:03:04.:03:08.

solutions of greater austerity and save the banks. You have to look at

:03:08.:03:12.

issues on how growth is created. I say that as someone who thinks we

:03:12.:03:18.

should be part of Europe, and they don't want it to feed into as a

:03:18.:03:22.

general sense that people have in Britain, thank goodness we are not

:03:22.:03:26.

in the Euro. And if we get the chance leads to pull away from us

:03:26.:03:30.

all together. You can see why people are not part -- Britain is

:03:30.:03:35.

not part of the eurozone because we are being spare part of the

:03:35.:03:41.

problem? I am one of them, believe me. I am grateful to Gordon Brown

:03:41.:03:45.

for keeping us out because Tony Blair was so keen to go in. But I

:03:45.:03:49.

believe in a global world with global markets, we have to be part

:03:49.:03:55.

of something bigger. I say this to people who think, let's cut all the

:03:55.:03:59.

ties with Europe. It won't work because most of our products are

:03:59.:04:03.

sold in Europe and we have good economic relationships with those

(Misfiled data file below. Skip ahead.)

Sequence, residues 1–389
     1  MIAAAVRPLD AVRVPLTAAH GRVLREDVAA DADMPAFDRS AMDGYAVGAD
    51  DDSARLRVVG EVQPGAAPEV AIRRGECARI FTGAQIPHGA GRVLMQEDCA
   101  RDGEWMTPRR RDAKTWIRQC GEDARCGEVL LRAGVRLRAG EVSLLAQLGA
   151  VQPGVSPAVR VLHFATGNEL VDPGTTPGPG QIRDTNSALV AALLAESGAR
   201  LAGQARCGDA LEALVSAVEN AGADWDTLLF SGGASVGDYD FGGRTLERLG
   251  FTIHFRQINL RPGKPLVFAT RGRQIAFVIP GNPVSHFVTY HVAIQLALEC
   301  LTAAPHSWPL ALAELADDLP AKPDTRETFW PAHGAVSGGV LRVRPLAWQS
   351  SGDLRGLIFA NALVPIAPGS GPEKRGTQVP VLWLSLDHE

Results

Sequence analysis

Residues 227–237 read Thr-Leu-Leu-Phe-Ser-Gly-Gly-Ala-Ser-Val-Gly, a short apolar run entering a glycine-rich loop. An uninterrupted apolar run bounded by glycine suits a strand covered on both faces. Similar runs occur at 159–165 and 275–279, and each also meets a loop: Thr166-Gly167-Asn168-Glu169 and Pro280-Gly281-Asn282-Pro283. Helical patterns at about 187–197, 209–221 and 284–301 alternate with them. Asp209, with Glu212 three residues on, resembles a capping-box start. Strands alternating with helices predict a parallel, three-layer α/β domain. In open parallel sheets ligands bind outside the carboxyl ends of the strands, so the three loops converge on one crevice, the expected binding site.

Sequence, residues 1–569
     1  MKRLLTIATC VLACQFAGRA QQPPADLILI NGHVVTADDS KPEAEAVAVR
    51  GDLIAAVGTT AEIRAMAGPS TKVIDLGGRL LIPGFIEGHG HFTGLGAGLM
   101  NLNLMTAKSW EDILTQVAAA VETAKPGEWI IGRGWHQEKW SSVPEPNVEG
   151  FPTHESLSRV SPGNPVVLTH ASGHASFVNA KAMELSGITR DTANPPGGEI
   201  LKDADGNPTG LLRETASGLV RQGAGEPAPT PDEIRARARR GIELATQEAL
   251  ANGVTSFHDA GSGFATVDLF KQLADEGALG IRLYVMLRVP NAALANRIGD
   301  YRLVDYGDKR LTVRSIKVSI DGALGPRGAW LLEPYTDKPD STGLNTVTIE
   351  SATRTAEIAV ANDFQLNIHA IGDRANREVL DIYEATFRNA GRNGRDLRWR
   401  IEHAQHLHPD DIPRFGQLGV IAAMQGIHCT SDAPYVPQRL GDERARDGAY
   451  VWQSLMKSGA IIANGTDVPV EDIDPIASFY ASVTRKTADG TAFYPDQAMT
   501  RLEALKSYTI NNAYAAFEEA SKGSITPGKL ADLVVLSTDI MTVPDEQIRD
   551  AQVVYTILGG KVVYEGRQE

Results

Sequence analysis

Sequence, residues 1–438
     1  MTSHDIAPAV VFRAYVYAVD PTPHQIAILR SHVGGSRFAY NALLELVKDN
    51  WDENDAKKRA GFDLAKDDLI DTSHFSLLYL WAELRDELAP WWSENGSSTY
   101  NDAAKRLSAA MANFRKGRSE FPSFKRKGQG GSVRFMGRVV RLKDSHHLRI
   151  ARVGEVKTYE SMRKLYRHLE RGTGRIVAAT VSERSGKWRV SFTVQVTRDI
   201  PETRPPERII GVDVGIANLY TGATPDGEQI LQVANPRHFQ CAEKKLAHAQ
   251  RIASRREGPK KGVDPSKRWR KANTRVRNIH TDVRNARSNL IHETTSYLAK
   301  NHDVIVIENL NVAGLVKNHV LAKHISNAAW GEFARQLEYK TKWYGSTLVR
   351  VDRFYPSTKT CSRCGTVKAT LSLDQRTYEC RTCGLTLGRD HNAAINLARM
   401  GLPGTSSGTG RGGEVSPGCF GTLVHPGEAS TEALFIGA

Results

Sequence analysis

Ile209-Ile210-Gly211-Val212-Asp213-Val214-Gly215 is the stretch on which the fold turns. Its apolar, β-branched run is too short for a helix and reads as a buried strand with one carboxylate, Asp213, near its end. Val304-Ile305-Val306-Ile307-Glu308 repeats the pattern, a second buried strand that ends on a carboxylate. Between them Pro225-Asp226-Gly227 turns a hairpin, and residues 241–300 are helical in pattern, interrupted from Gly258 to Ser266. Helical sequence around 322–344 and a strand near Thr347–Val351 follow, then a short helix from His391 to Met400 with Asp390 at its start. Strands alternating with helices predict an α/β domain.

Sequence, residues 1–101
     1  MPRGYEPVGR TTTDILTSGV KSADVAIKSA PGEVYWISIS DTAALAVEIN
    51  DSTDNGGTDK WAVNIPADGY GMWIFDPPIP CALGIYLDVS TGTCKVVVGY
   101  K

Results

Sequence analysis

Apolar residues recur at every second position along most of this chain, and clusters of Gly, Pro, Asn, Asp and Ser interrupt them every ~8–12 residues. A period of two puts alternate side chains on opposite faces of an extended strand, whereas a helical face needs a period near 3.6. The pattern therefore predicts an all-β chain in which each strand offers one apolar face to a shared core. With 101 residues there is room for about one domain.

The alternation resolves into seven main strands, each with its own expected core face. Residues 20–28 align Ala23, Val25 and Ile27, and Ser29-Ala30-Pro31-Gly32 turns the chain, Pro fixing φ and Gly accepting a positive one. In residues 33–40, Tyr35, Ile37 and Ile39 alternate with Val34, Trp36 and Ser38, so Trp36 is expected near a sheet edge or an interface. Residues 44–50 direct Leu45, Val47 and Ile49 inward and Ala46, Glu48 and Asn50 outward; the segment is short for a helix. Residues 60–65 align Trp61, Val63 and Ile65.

:04:03.:04:07.

who betrayed with. What about having a referendum to let the

:04:08.:04:12.

people decide? I would be worried about having it now because at this

:04:12.:04:17.

moment, the debate is too crude. I would want there to be a more

:04:17.:04:21.

sophisticated debate about what are the benefits to us for having links

:04:21.:04:25.

with Europe. What would be the downside if we ended up going it

:04:25.:04:30.

alone. Been little Brits is not going to do it in a globalised

:04:30.:04:36.

world where we see huge entities developing at a pace. Now, with the

:04:36.:04:41.

Jubilee behind us, all eyes are back on Leveson Inquiry, as it

:04:41.:04:47.

continues its relationship -- look into the relationship between the

:04:47.:04:56.

press and politicians. A-list celebrities have given evidence.

:04:56.:05:02.

Jeremy Irons's face the heat as he and his lobbyist, Fred Michel face

:05:02.:05:07.

questions over his handling of the BSkyB bid. There will be a bumper

:05:07.:05:11.

line-up of high-profile witnesses. Gordon Brown is facing inquiry,

:05:12.:05:16.

with George Osborne due to give evidence this afternoon. The

:05:16.:05:20.

Chancellor's role in the hiring of Andy Coulson is expected to

:05:20.:05:26.

dominate. Ed Miliband, and Harriet Harman will take to the witness box

:05:26.:05:31.

tomorrow alongside John Major. Deputy Prime Minister, Nick Clegg

:05:31.:05:35.

and Scottish First Minister, Alex Salmond give evidence on Wednesday.

:05:35.:05:40.